One of the most basic decisions involving mortgage loans involves the way the interest rate will operate. Borrowers and mortgage lenders can usually choose between rates that are fixed or variable, although there are some limited hybrid options. Let's look at what fixed and variable rates are with an eye toward which approach you might choose.
Fixed vs. Variable Rates
A fixed-rate loan is exactly what it sounds like. You and the lender negotiate a rate that will stay the same for the life of the loan. Notably, both parties have to agree to this. Mortgage lenders may not always offer fixed-rate loans if a borrower may be a higher credit risk.
Variable-rate loans fluctuate based on the federal funds rate's influence on overall mortgage loan rates. A variable-rate mortgage might be set to 3 percent above the federal funds rate. If the federal rate is 3 percent at the start of the mortgage, then the mortgage's interest would be 6 percent. Likewise, if the federal rate goes up to 4 percent, then you'd see a 7 percent rate on the mortgage after that happens.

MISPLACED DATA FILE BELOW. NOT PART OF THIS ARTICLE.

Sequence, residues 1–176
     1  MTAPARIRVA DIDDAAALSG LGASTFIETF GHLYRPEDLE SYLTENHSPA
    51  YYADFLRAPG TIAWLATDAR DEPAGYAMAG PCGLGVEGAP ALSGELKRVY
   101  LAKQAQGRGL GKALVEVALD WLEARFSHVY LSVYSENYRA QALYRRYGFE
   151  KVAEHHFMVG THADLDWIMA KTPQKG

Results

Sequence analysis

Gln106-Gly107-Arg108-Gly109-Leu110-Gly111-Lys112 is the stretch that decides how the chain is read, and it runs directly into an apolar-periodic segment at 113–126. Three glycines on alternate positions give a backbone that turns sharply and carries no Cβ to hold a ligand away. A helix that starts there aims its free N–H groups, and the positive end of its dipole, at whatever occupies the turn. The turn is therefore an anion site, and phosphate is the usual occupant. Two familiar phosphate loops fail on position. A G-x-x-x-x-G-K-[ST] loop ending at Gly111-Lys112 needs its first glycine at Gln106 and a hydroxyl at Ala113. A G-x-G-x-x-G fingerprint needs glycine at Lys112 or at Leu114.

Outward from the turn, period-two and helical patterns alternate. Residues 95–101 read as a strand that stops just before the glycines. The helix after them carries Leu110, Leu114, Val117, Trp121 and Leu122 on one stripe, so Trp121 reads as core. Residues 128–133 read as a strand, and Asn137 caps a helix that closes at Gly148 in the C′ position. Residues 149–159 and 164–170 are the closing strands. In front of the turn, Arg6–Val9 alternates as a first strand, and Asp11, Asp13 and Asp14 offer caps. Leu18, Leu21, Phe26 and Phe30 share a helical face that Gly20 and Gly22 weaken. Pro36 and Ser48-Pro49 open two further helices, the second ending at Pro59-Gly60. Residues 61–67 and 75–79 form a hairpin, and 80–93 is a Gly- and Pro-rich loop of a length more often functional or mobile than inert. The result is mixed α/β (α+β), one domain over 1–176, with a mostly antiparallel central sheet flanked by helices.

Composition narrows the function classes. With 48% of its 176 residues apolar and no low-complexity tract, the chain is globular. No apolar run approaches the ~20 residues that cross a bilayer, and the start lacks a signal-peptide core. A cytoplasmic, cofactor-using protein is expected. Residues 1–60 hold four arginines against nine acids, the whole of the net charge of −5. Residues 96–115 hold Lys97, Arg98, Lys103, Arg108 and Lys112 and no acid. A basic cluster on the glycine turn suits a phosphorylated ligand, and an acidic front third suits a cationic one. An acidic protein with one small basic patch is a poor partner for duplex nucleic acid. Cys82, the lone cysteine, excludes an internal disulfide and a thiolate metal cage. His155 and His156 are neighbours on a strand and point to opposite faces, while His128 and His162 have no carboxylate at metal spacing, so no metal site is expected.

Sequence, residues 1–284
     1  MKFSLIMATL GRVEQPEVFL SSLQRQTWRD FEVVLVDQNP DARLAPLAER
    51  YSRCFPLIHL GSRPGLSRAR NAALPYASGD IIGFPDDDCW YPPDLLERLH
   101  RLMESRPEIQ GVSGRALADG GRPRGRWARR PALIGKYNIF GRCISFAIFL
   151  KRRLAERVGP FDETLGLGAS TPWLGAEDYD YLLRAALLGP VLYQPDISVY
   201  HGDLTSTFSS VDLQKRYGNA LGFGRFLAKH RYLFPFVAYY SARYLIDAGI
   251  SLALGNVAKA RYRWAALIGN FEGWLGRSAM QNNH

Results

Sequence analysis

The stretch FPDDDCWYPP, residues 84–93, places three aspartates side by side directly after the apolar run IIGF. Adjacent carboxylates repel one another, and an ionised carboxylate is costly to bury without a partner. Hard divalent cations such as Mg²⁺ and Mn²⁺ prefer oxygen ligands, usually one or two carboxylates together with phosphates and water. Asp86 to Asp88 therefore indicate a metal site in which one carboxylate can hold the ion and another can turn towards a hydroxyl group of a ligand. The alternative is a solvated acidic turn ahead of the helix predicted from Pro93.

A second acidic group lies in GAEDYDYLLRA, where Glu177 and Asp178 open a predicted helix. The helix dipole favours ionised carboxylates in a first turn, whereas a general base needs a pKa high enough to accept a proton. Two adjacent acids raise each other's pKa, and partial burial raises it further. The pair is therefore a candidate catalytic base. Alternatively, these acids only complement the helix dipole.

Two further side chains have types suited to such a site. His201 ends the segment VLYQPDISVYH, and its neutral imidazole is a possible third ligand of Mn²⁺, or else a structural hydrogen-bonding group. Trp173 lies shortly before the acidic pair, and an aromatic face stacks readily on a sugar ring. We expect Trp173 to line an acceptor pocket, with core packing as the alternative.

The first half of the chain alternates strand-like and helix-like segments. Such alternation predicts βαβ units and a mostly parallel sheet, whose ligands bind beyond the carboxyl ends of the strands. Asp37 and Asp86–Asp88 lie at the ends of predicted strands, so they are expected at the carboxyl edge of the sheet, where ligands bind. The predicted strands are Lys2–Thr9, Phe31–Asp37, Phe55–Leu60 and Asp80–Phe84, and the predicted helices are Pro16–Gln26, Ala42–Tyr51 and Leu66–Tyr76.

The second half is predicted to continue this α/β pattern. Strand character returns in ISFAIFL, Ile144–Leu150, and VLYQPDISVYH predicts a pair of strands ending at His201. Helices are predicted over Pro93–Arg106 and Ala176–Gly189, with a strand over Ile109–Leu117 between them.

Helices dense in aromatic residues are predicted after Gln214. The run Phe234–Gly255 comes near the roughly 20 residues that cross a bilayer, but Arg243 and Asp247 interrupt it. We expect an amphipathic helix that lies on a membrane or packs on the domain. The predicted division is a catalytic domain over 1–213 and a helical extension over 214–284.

Pros and Cons
The main pro of a fixed-rate mortgage is dependability. You will know what you'll pay for the next however many years your mortgage goes. A 5 percent rate today will be the same in 10 years. The main downside to this is the rate also won't drop if interest rates go well below the fixed rate. Rates tend to be higher on these mortgages, though, because the lender takes on more risk.
However, you might still be able to negotiate a new mortgage at a lower fixed rate if that happens. That may take some time, though, and mortgage lenders aren't obligated to renegotiate. If you can't find a lender to cover the old mortgage and start a new one, then you're stuck with the old rate.
A variable-rate loan usually comes with a lower interest rate because the borrower is taking on more risk. If a financial crisis hits and the federal government jacks up interest rates, though, it could wipe out the difference.
There are, however, mortgage loans that start with a fixed rate for a set number of years and then become variable. Once more, refinancing may be an option.
Also, it may be possible to negotiate a cap on the loan. This allows some variation while guaranteeing the borrower doesn't take on an uncontrolled risk. Bear in mind, though, that even a jump from 5 percent to a capped 10 percent represents a doubling in borrowing costs.